In a rare public rebuke of Attorney General William P. Barr by a current Department of Justice employee, a federal prosecutor in Boston wrote that the nation’s chief law enforcement officer “has brought shame” to the agency.
“While I am a federal prosecutor, I am writing to express my own views, clearly not those of the department, on a matter that should concern all citizens: the unprecedented politicization of the office of the attorney general,” James D. Herbert,assistant US attorney for Massachusetts, wrote in a letter published Thursday in the Globe.
Herbert, who described himself as a 30-year Justice Department employee, wrote that he was compelled to speak up after Barr gave a speech at Hillsdale College in Michigan on Sept. 16 in which he accused federal prosecutors of acting as “head hunters” in their pursuit of political and other high-profile targets.
Herbert criticized Barr for his handling of the report by special counsel Robert S. Mueller, his intervention in cases against President Trump’s political allies, his comments about George Floyd, and “baseless claims” about voting by mail.
“The attorney general acts as though his job is to serve only the political interests of Donald J. Trump. This is a dangerous abuse of power,” Herbert wrote.
“William Barr has done the president’s bidding at every turn,” the letter said. “For 30 years I have been proud to say I work for the Department of Justice, but the current attorney general has brought shame on the department he purports to lead.”
Reached Saturday, Herbert, a Milton resident, declined to comment.
A spokeswoman for Massachusetts US Attorney Andrew Lelling said Herbert’s letter doesn’t reflect the views of his office or the Justice Department.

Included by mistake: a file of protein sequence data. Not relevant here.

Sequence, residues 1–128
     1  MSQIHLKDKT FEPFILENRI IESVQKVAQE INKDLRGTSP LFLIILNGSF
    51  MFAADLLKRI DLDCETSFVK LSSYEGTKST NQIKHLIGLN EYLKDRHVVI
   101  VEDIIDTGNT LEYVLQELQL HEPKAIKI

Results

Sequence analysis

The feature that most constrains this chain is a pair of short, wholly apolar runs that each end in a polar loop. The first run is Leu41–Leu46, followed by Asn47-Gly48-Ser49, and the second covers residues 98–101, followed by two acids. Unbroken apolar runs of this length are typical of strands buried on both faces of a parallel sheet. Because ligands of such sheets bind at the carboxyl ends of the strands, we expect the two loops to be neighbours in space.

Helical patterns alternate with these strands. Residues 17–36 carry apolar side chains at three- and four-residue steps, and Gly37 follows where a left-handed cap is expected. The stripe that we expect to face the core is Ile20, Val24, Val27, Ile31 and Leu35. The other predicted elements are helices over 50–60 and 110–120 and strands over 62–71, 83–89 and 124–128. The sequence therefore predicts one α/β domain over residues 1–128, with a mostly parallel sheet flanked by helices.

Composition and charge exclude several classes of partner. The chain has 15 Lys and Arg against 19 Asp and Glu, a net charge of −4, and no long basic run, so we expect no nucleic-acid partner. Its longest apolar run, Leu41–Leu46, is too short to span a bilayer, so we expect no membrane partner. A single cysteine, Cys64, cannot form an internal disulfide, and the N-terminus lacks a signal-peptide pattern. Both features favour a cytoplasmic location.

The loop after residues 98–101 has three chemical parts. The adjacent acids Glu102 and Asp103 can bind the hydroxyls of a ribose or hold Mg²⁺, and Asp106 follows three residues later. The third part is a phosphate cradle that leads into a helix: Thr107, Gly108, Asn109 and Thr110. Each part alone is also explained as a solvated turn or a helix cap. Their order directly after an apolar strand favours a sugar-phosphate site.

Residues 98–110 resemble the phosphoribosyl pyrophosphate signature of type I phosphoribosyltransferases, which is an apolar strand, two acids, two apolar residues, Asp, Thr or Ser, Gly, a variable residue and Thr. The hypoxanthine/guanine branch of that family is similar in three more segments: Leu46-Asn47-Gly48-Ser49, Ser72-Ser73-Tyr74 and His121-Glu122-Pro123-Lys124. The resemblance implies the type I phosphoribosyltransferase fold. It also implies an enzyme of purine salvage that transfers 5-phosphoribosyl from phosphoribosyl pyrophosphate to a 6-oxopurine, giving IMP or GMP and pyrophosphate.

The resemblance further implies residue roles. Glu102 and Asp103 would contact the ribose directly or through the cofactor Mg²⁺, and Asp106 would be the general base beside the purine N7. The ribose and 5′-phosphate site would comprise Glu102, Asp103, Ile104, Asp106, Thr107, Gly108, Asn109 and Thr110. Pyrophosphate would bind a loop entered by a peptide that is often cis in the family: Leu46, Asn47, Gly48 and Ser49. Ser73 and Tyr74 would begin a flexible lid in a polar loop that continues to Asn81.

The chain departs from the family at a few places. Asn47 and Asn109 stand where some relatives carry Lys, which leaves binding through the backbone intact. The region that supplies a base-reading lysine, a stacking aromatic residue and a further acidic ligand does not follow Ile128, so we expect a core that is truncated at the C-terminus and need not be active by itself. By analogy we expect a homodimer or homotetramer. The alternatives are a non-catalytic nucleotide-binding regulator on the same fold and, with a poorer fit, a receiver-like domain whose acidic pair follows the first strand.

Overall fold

“He has a right to free speech and he wrote that in his personal capacity,” said Christina DiIorio-Sterling, the spokeswoman.
Herbert’s letter has received international attention, receiving mentions in The New York Times and The Guardian, a British newspaper.
During his career as a federal prosecutor, Herbert has pursued cases against well-known organized crime figures including Catherine Greig, the girlfriend of James “Whitey” Bulger, Stephen J. Flemmi, and Raymond J. Patriarca, son of La Cosa Nostra crime boss Raymond L.S. Patriarca.
He was deputy chief of the criminal division under former US attorney Carmen Ortiz.
In 2004, Herbert was among a team of prosecutors honored by Attorney General John Ashcroft for their work investigating La Cosa Nostra and the Winter Hill Gang. Eight years later, Herbert was among a group of prosecutors honored by Attorney General Eric Holder with the Justice Department’s “Distinguished Service Award.”
Rosanna Cavallaro, a professor at Suffolk Law School, said Herbert’s letter is a rarity, but so is Barr’s politicization of the attorney general’s office.
“He should be free to speak on these matters,” she said. “Who else will call attention to them that has the perspective and the bona fides that he does?”
Cavallaro said Herbert’s letter is also notable because he works for Lelling, who has faced criticism over his prosecution of Shelley Joseph, the state district court judge accused of helping an undocumented defendant evade Immigration and Custom Enforcement agents.
Critics have said Joseph is being prosecuted because her alleged conduct challenged the Trump administration’s practice of sending ICE agents to state courthouses to make arrests.
“I don’t think every US attorney’s office is led by someone who is quite as eager to get the attention of the president as this US attorney has been,” Cavallaro said of Lelling.
Brian T. Kelly, a former federal prosecutor who worked with Herbert on organized crime cases, said he doesn’t remember his former colleague complaining when Holder described himself as former President Barack Obama’s “wingman.”
“He must be pretty confident that [Joe] Biden’s going to win or he’s going to be handling traffic cases for the next four years,” Kelly said.
Walter B. Prince, a former federal prosecutor, said he “loved” Herbert’s letter.
“It was just stating what all of us know and what all of us are seeing on a daily basis,” said Prince, now a partner at Prince Lobel Tye LLP. "We are seeing our country, we are seeing the office of the presidency be diminished. And we see the office of the attorney general, likewise, being diminished.
Prince reflected on working for the US attorney’s office in Massachusetts.
“I was so proud to be an assistant US attorney and being part of the Department of Justice, and to see what this administration has done to our precious institutions is heartbreaking,” he said. “If we love this country, we have to speak up.”